The late 1990s and early 2000s saw a strong, emerging rock scene in Phoenix and the surrounding areas. Indie rock bands included Element 115 the band, The Stiletto Formal, Fine China, Peachcake, Sugar High, The Format, 36 Cents and a Dream. Punk influenced artists include Where Eagles Dare, Authority Zero, Sweet Bleeders, Haunted Cologne, and Andrew Jackson Jihad. There is also a growing post-hardcore scene including bands like Scary Kids Scaring Kids, Blessthefall, Eyes Set To Kill, The Word Alive, Greeley Estates. The middle part of the decade were marked by the transition from hardcore punk into death metal with bands such as The Irish Front, Knights of the Abyss and Job for a Cowboy. In recent years there has been a huge growth of local Arizona hardcore bands ranging from genres of hardcore punk, post-hardcore, metalcore and death metal. Country music star Dierks Bentley is from Phoenix and Michelle Branch is from Sedona.
There have been numerous Arizona residents that have had varying success on the American Idol. Jordin Sparks won the sixth season of American Idol. Sparks was later selected to sing the National Anthem at Super Bowl XLII, which happened to take place at her hometown of Glendale, Arizona. On the seventh season, Arizona had two contestants make it to the "Final Twelve". David Hernandez came in twelfth place while Brooke White made it to fifth place. The eighth season featured a regional audition at the Jobing.com Arena in Glendale on July 25, 2008. Several contestants made it to the "Hollywood phase" but only one made it into the final twelve; Scott MacIntyre, who came in eighth place. Despite this, Phoenix was called one of the "year's standout cities."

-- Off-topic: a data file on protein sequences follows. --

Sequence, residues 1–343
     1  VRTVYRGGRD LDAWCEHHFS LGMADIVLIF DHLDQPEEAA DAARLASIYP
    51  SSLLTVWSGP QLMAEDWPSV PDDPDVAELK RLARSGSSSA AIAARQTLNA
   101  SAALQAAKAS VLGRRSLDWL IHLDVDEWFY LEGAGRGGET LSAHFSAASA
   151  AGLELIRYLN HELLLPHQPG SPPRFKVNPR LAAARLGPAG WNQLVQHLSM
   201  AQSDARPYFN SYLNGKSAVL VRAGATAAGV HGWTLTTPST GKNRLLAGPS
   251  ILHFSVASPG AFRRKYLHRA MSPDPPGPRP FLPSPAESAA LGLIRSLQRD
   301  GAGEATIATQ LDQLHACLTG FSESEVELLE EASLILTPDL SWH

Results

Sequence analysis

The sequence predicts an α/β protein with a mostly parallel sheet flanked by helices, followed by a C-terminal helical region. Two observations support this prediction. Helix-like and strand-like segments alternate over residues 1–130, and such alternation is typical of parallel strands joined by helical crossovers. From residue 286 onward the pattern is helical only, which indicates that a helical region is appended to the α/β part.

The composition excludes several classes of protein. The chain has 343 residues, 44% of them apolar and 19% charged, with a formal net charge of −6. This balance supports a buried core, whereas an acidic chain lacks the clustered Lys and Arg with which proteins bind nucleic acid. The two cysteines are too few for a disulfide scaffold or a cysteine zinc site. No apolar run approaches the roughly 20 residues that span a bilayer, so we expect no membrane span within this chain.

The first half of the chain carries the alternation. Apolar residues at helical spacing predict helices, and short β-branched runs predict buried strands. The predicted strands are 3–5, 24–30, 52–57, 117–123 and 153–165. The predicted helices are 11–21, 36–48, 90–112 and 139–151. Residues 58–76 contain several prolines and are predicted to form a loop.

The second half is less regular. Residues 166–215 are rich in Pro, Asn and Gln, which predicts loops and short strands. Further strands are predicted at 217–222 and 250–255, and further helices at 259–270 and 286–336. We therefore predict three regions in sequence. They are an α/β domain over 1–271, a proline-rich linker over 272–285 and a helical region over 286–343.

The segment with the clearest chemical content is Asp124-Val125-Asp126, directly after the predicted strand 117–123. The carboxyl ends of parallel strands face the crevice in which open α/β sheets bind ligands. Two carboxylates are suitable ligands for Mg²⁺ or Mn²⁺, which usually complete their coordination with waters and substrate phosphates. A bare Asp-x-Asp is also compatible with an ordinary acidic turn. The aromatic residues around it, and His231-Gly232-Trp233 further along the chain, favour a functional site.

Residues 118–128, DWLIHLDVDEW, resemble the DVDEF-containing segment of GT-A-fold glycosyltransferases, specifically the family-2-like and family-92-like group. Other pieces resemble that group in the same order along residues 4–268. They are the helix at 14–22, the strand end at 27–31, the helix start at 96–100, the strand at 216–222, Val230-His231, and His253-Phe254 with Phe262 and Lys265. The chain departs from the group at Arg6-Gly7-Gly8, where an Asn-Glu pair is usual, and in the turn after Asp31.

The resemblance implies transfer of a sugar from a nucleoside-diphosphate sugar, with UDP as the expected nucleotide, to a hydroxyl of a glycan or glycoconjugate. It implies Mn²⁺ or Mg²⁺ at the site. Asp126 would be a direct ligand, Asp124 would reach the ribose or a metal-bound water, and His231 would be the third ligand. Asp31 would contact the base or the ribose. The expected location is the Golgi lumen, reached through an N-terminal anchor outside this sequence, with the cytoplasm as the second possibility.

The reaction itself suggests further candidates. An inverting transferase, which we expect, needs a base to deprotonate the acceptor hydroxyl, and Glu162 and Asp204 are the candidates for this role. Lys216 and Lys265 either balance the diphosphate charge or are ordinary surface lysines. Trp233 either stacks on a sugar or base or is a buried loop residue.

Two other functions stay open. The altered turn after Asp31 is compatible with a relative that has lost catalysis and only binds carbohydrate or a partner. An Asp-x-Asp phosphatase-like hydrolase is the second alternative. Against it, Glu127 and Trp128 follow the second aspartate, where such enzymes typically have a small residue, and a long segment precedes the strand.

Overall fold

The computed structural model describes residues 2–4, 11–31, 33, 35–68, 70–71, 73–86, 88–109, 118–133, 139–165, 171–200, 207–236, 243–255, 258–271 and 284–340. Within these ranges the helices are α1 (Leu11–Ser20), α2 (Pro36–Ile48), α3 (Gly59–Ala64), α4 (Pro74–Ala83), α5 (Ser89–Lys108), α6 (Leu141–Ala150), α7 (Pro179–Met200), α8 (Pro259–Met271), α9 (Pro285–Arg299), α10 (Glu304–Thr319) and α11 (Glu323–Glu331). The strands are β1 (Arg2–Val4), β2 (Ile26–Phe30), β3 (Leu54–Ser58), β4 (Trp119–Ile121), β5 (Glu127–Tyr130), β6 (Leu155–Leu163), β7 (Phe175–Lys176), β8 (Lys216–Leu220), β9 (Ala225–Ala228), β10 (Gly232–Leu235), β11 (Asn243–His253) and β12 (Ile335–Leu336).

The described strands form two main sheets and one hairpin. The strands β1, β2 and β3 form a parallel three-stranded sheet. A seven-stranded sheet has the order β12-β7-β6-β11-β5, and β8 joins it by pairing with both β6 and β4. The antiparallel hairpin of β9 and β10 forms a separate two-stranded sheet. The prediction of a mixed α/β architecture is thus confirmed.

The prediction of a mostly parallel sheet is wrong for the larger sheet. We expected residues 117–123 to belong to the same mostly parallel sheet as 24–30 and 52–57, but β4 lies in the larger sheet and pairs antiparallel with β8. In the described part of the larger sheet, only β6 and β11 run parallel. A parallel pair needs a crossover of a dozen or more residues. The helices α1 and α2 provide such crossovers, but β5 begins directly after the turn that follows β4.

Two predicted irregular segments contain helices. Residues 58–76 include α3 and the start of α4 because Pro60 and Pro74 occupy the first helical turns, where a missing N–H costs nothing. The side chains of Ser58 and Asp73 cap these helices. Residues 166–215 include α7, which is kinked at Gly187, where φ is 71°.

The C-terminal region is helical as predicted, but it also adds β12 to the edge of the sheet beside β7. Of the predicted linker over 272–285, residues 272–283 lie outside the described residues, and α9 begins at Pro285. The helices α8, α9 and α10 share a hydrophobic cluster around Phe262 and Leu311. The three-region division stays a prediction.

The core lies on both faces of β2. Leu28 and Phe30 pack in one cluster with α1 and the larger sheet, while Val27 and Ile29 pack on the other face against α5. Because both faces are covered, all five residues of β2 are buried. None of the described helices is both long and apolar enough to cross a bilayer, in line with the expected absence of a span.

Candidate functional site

Phoenix boasts a renowned orchestra, the Phoenix Symphony.
Hispanic/Latino music has a large following, and numerous import stores exist throughout the city for it. There are also several Spanish-language music radio stations. The annual "Fiestas Patrias" celebration brings many Mexican musicians to town, with groups such as Los Tigres del Norte.
Joe Bethancourt is another long-time resident that has achieved fame with his music.
Popular venues have included Comerica Theatre, Ashley Furniture HomeStore Pavilion, Marquee Theater, The Clubhouse (no longer open due to shooting), Nile Theater, Long Wong's, Nita's Hideaway, The Mason Jar, Modified Arts, Trunk Space, Paper Heart Gallery, Club Red, and Compton Terrace. Companies have started operating, giving the Phoenix music goer many choices any given night for entertainment. These include Lucky Man Concerts, The Shizz, and Fizzle Promotions. Newer Groups like Chasing Venus and GoodBye Polars have been pushing to establish Phoenix as a city known for its distinct musical stylings. Phoenix, being so close to Texas and California, has developed an original music sound that is one part dirty blues, the other part California sweet. ZZ-Top meets Brian Wilson is Phoenix potential in a nutshell.
Dance clubs in Phoenix, Scottsdale, and Tempe are active, especially with students. Phoenix is still a common place for "raves", dance parties hosted in typically in warehouses, legal venues, or isolated desert locations.
||This section may be written from a fan's point of view, rather than a neutral point of view. (December 2007)|
The city of Tucson, Arizona, has an Official Troubador position, currently Ted Ramirez. Ramirez is a singer and songwriter who uses both English and Spanish lyrics, as well as singing in O’odham; he is also an Arizona Culture Keeper. The city of Tucson also produced the Ronstadt family, which most famously includes Linda Ronstadt; her brother Michael Ronstadt is a popular local musician. There are also many Ronstadt cousins who perform regularly in and around Tucson. Bobby Kimmel, who with Linda Ronstadt was one of 'The Stone Poneys', has returned to Tucson and performs frequently as part of BK Special